You know the story: always a bridesmaid, never the bride. Own it. It's spring 2017 and you're the consummate host. When your friends get engaged on a trip to foggy London Town, you step up to the plate and email 20 (gasp) friends, inviting everyone over for an engagement party for the happy couple.
Yes, you're slightly regretting the decision as you Swiffer the floors, hide your dirty laundry, and run out for more trash bags. But you're doing the right thing.
A few tips for a magical evening.
First things first: your menu. Lean into where the magic happened (e.g. the city where they made it official). You'll get major style points for being thoughtful and you've squarely zeroed in on a palate and cultural zeitgeist that you can leverage. (In this case, we're going British). Choose some obvious greatest hits, under the radar dishes, and things you'd love to make and serve.
Leveraging the location goes for your art design as well. A dinner party is equal parts visuals and vibes, so set the space up for maximal face-to-face engagement and capture some of the energy and charisma of the city you're paying homage to.
What do I mean?
Make custom labels for your specialty cocktails, hang your cheap twinkle lights, rip out a few pages from old magazines and neglected coffee table books to make a backdrop for your feast. Be thrifty, be imaginative. And be your own prop stylist. Re-use things in your space that can take on new meaning (milk glass candlesticks, punch bowls, dried flowers, chalk figures, inherited china cups), and add a little theatricality to your spread.
Second pro tip: stay seasonal, stay local. City living ain't easy and cars aren't always part of the equation. Keep your menu and decor to items within reach. Ideally, within walking distance. Sure, you're going to have to schlep a few tote bags' worth of supplies and there is a chance your carton of eggs will crash to the sidewalk anyway, but let's keep this as pain-free as possible, shall we?
Thirdly: throw in a few curveballs. An engagement party is a time-honored tradition and is, yes, a celebration of love and fidelity, but it's also an opportunity to whip up some items that you've been waiting for a chance to test and try. Don't be afraid to make one or two new plates you've never done before; everyone is going to be buzzed on cheap champagne, so you're in the safe zone for test kitchen status.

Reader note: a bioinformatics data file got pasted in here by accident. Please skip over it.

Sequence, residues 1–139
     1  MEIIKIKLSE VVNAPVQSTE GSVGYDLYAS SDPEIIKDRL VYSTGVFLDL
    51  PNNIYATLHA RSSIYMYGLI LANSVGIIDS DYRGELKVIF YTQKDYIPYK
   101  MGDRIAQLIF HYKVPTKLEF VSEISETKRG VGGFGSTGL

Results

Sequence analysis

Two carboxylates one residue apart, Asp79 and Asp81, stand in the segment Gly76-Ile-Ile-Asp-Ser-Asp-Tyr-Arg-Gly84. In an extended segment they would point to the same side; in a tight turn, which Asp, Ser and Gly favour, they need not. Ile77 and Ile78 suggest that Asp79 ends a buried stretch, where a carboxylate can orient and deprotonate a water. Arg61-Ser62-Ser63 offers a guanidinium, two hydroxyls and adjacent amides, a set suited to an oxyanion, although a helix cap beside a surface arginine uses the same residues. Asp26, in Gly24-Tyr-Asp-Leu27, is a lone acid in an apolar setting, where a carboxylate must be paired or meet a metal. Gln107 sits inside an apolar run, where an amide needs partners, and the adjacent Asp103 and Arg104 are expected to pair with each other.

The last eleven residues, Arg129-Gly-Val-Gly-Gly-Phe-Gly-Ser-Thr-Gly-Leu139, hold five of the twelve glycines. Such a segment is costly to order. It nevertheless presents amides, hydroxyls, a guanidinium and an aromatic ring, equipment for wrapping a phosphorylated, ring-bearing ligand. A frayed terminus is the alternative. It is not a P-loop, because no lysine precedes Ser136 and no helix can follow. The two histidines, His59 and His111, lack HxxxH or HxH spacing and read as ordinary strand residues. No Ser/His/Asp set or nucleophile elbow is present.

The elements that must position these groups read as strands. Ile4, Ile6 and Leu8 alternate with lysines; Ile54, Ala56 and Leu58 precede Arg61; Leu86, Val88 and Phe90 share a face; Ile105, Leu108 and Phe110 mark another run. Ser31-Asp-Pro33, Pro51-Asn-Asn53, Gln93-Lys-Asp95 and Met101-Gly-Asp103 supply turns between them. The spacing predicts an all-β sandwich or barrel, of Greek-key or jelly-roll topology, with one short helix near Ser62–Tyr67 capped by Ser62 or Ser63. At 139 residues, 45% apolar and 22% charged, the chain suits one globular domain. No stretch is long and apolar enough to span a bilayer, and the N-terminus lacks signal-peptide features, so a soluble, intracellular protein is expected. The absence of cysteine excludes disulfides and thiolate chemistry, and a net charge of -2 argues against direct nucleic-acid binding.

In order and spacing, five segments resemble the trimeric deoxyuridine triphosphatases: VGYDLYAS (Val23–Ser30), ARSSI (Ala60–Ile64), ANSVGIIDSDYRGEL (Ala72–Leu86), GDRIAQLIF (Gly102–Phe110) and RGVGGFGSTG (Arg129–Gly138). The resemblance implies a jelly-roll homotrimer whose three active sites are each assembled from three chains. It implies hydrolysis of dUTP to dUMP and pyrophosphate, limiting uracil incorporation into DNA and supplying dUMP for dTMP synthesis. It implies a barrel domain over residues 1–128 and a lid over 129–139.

And lastly: make a banging playlist and don't be afraid to ask for help. You're about to get a million "What can I bring!?" texts. So ask friends to bring Aperol, Pimm's, wine, cheese, sourdough, whatever is on your hit list. They like to be included, and you could use the contributions (gotta keep your cash flow healthy!).
Here's a look at the menu I would create for an English rose garden vibe.
Perfect Roast Potatoes
A classic English dish and easy to make in big batches. The sprigs of rosemary look beautiful when sprinkled over lightly browned spuds, and these stay tasty throughout the evening, as they soak up blessed olive oil in a big china bowl. Get our Perfect Roast Potatoes recipe.
Roasted Bell Peppers
These bad boys look real good when presented on platters and they're yum. I would grab red, orange, and green to add a little technicolor beauty to your table. Get our Basic Roasted Bell Peppers recipe.
Muffin Pan Popovers
Popoversssss. Equal parts theatrical and delicious, these should be served right out of the oven with cream and jam. They're airy goodness and are very spring-y. Get our Muffin Pan Popovers recipe.
Smoked Salmon with Caviar on Cucumber
This is a pretty retro dish (plucked from the kitchen of Betty Draper) in just the right kinda way. Round out your spread with a 1950s amuse bouche. Get our Smoked Salmon with Caviar on Cucumber recipe.
Honey-Mustard Glazed Ham
No British feast is complete without one and it's a specialty item your pals will get a kick out of. File under the category of "grandma chic." If you can accompany it with homemade bread, cheese, and cornichons, you're really on the money. Get our Honey-Mustard Glazed Ham recipe.
Orange-Vanilla Ricotta Cheesecake
I'm always looking for an excuse to eat cheesecake, and this one has a beautiful burnt orange color and dreamy texture that you're going to be psyched about (hello, seconds at 2 AM with a wee glass of Prosecco). Get our Orange-Vanilla Ricotta Cheesecake recipe.
Rustic Blueberry Tart
It's creamy, has a slight lemony kick, and looks beautiful on a little plate. Best served with coffee or a glass of champagne to close out the night. Get our Rustic Blueberry Tart recipe.
And remember -- don't stress. With a good soundtrack, the right pair of shoes, and a delicious spread, you're sailing into a beautiful night. And hey, you did a really nice thing.
-- Head image by: Remy Patrizio.